When Luisa and I went to Portugal for the first time, we went to the beach one afternoon to watch the fisherman bring in the catch of the day. People crowded the shoreline as the colorful boats ran ashore and we all watched as the men pulled the nets out and dropped them on the sand where the ground itself seemed to come alive as the fish writhed and flashed silver in the afternoon sun. After we walked away and found a quiet place, I waded into the ocean, my hands clenched at my sides and my shoulders up near my ears as I felt the cold water from the Atlantic crash against my legs. Luisa sat on the beach behind me and warned me against wading in further. “The tide is strong and can pull you under unexpectedly.” I laughed and ignored her because I was overwhelmed with the beauty of the sky and the water and the day we’d had together. I pulled up the edges of my shorts and took a few more steps and turned to smile at her and, suddenly, the water surged and took my legs out from under me and I went under, fully clothed. I came up gasping and shaking, though the only injury was to my pride.
Everyday life can have a similar pull. On any given day, there are so many things I must do that I sometimes lose track of everything around me. The demands of everyday life can be like that wave pulling me under, obscuring the horizon.
Last week, I had one of those days. I was irritable because I had work to do, errands to run, and my daughter hadn’t gone back to school yet. She was also in a bad mood, which was unfortunate because the two of us were going to be alone for the evening. I spent the afternoon working at the library and tried to snap out of my crabbiness, but I returned home to have dinner with my daughter in the same foul mood.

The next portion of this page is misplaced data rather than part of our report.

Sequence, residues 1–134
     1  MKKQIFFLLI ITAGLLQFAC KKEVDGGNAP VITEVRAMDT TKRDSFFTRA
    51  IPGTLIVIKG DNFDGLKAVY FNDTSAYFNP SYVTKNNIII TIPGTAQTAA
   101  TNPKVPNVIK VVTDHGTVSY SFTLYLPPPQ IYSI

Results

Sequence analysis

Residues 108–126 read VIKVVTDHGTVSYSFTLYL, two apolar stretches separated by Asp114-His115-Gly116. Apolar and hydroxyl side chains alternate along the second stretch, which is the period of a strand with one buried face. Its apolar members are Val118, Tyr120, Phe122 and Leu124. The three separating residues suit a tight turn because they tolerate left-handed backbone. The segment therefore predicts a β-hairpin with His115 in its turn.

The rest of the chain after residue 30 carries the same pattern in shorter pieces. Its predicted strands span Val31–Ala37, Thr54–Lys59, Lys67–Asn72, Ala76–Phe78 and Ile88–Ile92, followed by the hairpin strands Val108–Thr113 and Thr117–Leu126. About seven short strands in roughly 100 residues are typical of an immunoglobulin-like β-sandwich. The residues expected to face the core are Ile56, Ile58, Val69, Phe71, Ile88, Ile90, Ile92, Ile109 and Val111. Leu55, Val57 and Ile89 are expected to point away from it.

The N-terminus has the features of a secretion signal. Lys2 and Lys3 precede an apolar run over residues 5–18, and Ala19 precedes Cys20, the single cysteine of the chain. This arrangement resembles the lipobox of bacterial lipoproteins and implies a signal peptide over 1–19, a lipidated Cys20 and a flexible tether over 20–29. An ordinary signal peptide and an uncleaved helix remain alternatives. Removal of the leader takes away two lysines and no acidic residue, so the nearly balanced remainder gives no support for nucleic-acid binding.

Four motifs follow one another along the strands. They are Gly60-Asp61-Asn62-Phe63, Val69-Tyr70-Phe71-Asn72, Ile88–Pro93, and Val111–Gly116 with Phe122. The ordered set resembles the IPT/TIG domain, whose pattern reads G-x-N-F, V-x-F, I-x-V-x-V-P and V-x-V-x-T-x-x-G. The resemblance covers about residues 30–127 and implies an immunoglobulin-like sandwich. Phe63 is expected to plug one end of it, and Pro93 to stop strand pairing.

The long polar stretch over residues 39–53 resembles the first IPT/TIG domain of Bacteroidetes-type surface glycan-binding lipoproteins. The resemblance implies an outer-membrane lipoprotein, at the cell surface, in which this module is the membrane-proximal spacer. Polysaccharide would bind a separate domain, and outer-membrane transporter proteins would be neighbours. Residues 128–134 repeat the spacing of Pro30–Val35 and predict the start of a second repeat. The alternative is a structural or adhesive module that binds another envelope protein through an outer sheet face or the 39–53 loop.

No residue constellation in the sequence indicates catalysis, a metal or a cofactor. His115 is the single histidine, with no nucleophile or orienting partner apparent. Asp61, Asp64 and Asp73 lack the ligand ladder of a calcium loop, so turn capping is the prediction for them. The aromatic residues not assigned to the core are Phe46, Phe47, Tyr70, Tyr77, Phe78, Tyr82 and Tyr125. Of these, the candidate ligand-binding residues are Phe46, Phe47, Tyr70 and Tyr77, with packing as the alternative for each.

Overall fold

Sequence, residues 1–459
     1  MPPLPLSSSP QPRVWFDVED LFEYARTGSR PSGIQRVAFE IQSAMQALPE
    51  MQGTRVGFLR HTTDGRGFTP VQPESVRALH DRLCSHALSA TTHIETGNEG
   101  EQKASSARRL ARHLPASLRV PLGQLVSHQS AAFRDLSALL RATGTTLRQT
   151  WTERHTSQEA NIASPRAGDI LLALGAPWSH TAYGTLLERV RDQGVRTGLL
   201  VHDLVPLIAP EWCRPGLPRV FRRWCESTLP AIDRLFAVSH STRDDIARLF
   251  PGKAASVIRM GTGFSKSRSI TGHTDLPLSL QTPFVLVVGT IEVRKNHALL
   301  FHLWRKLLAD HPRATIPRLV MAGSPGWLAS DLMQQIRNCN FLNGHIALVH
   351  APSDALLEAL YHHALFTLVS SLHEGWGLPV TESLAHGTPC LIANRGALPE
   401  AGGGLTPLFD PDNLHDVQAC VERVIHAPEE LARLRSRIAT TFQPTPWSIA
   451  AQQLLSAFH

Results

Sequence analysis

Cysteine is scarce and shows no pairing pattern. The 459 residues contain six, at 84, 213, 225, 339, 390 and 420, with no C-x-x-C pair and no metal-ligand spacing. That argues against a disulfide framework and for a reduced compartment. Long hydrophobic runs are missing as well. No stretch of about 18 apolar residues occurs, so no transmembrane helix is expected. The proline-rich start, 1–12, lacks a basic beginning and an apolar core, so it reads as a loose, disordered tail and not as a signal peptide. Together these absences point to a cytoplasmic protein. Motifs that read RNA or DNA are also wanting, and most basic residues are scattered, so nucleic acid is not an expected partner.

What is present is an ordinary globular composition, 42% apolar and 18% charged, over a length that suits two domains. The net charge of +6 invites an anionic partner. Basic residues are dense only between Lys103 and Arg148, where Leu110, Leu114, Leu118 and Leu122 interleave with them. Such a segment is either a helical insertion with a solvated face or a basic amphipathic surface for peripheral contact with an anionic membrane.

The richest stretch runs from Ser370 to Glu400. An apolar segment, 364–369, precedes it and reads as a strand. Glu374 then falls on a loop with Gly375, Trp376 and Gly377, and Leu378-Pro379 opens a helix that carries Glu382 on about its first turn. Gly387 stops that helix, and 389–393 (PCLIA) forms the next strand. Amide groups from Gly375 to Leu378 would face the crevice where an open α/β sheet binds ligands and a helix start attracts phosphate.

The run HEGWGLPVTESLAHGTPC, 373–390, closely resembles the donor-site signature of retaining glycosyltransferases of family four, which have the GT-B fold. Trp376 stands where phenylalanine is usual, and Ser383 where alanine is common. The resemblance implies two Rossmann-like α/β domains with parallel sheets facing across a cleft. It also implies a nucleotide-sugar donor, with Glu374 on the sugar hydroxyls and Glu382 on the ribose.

After Luisa left with our son, I asked my daughter if she wanted to go out to dinner that night or lunch the following day while we finished shopping for school clothes. I was surprised when she chose dinner and a place close to our house. I said, “Great. We’ll walk.” She sighed heavily and asked if we could drive and I held firm — we were walking.
We left the house and walked in tense silence through the park and then I stopped when I noticed a grasshopper on the sidewalk. I pointed it out to my daughter and she quickly knelt so that she could observe it. I knelt down beside her and we stared at it for a while, pointing out the different markings and watching it twitch. I asked if she wanted to pick it up and she said she did but didn’t know how. I told her to cup her hands around it and she did as I said but was afraid to sweep it into her hand because she didn’t want to hurt it.
I leaned over and said, “I’ll get it for you.” I gently scooped the grasshopper into my hands and could feel it moving and hopping and I laughed as I passed it into my daughter’s waiting hands. She held it as it squirmed and she looked at me and laughed before bending down to set it free.
The wonder of staring at that grasshopper, the tickle in of it in our hands and our laughter shook loose the tension within and between us. I grabbed her hand and she squeezed mine tightly in return and we walked the rest of the way together.
As a parent, it is often hard to balance work and family and I am too easily carried away in the tide of daily minutiae. I think about that day in Portugal and all the other times I'm driven to go and do rather than stop and listen. That moment with the grasshopper reminded me that it’s important to appreciate the beauty of a small moment. Those moments won't always change your life but they can certainly change your day.
PHOTO CREDIT: VIKKI REICH